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4 December 2018

A little monkey that helps to better understand the aging of humans

Human life expectancy is gradually increasing while healthy life expectancy tends to stagnate. Aging is accompanied by a multitude of impairments of brain functions such as attention, memory and all the executive functions that guarantee the person’s cognitive autonomy. Among the struggles against degenerative diseases, those against Alzheimer’s disease are becoming a real social challenge, particularly through early detection of its pre-symptomatic manifestations. With this in mind, the development of preclinical animal models on which therapeutic strategies can be developed is becoming a crucial objective of research on ageing. The team led by P. Girard at CerCo

was able to highlight that a small South American monkey, the marmosets (or white tailed marmosets), is an extremely relevant model of non-human primate for studying brain aging. Indeed, this small monkey has the advantage of having a short lifespan of about ten years, thus constituting an accelerated model of human ageing and providing a time scale adapted to laboratory studies. While the marmosets have become a model of choice for the study of perceptual or motor functions, to date no French team has addressed the cognitive abilities of this primate and its alterations over the course of a lifetime and none in the world has determined the key periods of its cognitive decline. The work of Amirouche Sadoun and Pascal Girard has consisted in testing the abilities of monkeys of different ages in several tasks that are affected in humans in the event of pathological cognitive aging. The monkeys, tested without capture or constraint in their social group, were confronted with tests of shape memorization and short-term spatial working memory. The researchers were able to demonstrate very marked deficits in elderly monkeys and, above all, they were able to show, in a manner similar to that observed in humans, the presence of individuals who, although not yet considered to be aging, have abnormal deficits, signs of pathological aging. These results, recently published in a leading journal in the field, highlight the marmoset model in the study of brain aging and open up promising investigative horizons in which all preclinical research tools can be used, from molecular imaging for the development of prognostic markers to therapeutic trials. http://www4.cnrs-dir.fr/insb/recherche/parutions/articles2018/p-girard.html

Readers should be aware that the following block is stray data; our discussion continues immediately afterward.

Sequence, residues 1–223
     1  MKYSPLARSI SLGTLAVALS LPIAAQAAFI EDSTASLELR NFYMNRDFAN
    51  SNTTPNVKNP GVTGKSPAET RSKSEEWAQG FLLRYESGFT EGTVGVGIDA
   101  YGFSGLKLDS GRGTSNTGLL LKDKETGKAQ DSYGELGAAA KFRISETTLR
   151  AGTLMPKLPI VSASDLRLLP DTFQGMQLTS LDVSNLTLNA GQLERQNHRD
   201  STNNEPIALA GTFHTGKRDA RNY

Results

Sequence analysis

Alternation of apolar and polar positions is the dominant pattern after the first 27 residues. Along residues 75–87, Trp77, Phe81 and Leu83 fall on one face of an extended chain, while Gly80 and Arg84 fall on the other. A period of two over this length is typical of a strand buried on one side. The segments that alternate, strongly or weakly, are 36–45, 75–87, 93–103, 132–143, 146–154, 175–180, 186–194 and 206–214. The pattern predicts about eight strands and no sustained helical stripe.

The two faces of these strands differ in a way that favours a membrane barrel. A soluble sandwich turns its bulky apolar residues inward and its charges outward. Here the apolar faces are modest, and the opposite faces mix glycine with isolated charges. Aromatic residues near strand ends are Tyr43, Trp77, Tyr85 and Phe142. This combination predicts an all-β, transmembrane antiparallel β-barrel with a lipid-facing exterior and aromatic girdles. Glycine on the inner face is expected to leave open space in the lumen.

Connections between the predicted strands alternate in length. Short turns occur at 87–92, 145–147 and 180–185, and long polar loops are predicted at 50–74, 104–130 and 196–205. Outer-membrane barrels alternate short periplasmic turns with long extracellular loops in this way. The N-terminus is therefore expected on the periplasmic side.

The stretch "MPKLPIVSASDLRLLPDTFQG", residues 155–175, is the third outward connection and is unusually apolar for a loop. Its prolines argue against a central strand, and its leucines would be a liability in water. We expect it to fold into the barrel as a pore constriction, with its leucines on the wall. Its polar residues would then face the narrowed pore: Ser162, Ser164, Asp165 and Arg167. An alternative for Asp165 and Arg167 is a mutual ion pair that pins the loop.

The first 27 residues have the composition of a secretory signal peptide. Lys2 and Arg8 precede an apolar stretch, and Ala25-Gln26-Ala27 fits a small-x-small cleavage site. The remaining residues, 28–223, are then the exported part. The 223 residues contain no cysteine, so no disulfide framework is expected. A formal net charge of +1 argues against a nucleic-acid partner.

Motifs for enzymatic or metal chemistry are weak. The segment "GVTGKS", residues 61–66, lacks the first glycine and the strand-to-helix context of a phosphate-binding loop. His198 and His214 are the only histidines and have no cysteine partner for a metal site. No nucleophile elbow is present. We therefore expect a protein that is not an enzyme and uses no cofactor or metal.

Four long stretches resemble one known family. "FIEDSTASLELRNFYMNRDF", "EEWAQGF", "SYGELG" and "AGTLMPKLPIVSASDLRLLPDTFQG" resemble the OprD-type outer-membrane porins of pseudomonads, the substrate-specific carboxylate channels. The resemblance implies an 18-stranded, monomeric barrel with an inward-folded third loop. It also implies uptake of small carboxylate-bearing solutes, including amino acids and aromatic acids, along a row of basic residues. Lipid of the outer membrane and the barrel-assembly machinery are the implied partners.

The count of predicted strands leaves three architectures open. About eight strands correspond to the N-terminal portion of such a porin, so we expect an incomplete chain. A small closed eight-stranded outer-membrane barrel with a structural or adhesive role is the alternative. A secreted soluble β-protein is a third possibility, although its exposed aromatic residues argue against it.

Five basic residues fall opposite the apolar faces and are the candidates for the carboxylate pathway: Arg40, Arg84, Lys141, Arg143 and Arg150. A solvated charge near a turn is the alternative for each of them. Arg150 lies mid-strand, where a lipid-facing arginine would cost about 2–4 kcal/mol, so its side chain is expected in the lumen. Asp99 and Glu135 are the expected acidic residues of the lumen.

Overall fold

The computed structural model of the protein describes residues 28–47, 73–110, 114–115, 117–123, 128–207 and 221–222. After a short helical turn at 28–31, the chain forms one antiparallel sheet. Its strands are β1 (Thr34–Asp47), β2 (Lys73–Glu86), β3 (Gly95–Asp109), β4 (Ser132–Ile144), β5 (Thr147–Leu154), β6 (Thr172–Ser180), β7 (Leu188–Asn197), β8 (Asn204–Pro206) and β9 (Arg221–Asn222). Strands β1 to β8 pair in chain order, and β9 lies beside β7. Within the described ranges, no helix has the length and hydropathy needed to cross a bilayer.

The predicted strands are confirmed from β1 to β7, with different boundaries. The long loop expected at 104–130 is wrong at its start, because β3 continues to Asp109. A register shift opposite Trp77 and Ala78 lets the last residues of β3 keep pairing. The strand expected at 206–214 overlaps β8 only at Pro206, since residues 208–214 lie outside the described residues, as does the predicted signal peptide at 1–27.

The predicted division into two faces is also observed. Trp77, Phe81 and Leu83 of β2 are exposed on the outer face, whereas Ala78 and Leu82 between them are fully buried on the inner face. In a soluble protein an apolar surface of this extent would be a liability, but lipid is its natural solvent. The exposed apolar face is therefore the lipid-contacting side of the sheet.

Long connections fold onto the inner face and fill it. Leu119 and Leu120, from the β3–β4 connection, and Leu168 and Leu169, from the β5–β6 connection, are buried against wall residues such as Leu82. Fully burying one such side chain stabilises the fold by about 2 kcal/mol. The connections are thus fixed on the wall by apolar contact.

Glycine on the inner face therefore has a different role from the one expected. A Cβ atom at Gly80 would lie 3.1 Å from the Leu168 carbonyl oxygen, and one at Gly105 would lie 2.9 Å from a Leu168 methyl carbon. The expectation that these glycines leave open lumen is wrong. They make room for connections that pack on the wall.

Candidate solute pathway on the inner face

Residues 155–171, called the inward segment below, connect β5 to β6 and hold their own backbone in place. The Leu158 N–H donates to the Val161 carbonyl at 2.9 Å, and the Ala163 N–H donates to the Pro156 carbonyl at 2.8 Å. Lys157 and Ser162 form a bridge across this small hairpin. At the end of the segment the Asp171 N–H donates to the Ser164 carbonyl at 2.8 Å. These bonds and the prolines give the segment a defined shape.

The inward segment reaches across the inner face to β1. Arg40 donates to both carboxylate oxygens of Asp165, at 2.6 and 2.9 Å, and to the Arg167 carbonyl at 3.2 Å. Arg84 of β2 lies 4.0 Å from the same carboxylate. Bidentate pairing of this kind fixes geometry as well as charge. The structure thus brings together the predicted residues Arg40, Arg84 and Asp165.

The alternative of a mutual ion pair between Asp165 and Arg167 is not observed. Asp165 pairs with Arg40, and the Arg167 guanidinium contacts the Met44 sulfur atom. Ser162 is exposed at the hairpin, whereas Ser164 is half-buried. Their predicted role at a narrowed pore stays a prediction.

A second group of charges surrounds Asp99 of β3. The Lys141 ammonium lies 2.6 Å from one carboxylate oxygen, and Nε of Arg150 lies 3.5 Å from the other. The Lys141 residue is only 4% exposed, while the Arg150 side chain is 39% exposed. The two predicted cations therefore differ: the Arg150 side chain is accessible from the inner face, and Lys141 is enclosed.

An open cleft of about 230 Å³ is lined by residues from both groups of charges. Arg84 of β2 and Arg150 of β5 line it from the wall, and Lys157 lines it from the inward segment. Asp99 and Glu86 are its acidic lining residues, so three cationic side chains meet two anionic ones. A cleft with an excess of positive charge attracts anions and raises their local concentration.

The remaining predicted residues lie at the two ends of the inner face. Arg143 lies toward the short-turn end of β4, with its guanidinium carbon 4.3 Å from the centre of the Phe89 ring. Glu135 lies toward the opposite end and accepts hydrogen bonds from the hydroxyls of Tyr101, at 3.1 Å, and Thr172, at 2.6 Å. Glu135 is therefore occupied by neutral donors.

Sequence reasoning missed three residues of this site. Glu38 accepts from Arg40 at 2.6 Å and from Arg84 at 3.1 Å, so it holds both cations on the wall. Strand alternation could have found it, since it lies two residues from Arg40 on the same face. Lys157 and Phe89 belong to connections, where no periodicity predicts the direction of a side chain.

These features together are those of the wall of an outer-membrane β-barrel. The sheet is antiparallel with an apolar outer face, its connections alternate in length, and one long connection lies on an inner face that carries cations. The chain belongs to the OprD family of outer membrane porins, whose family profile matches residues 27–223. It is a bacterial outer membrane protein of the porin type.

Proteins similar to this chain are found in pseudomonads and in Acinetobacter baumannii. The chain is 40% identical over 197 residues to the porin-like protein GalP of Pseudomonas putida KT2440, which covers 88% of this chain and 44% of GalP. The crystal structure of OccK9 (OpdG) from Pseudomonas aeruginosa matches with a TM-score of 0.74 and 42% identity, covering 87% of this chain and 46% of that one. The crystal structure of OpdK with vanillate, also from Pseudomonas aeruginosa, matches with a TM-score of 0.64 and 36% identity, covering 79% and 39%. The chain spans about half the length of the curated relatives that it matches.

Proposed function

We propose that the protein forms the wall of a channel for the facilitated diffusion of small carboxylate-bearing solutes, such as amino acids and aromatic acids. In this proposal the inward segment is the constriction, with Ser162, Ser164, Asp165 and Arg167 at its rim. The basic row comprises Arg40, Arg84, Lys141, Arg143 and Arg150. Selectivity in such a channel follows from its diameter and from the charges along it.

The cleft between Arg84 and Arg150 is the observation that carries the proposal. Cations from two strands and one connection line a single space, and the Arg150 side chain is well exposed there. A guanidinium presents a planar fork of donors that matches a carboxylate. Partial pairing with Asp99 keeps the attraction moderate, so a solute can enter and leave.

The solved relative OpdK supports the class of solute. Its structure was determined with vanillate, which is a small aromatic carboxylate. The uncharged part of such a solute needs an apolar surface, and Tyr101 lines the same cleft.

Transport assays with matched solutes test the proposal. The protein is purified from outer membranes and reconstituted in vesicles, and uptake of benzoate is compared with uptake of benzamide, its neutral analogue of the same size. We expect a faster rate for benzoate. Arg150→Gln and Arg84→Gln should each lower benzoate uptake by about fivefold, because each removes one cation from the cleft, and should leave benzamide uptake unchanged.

26 November 2018

A MODEL EXPLAINS HOW THE EARLY DEVELOPMENT OF DEPTH PERCEPTION DEPENDS ON OUR ENVIRONMENT.

is our sensory perception innate or acquired ? In order to better understand how the neural mechanisms underlying our visual perception, and in particular depth perception, are established from birth, a team of researchers from the Cerco laboratory (Tushar Chauhan, Timothée Masquelier, Alexandre Montlibert and Benoit Cottereau) has used computer models based on artificial neural networks. These models are able to learn without any supervision the recurring properties within the visual scenes from a very simple computational law proposed more than fifty years ago! Within the neural network, the synapses associated with the most frequent visual properties are gradually strengthened while those associated with rarer or non-existent properties are weakened.

The results of this study, to be published in the journal Journal of Neuroscience, showed that when the model is trained with natural stereoscopic images, the neurons of the artificial network automatically become selective to binocular disparity, a property underlying stereoscopic perception. The structure of these neurons is also very similar to that of neurons recorded in living organisms, unlike what has been observed from more complex computer models without biological basis. This original approach also made it possible to show how known and present biases in our environment can influence our treatment but also our perception of the visual scene.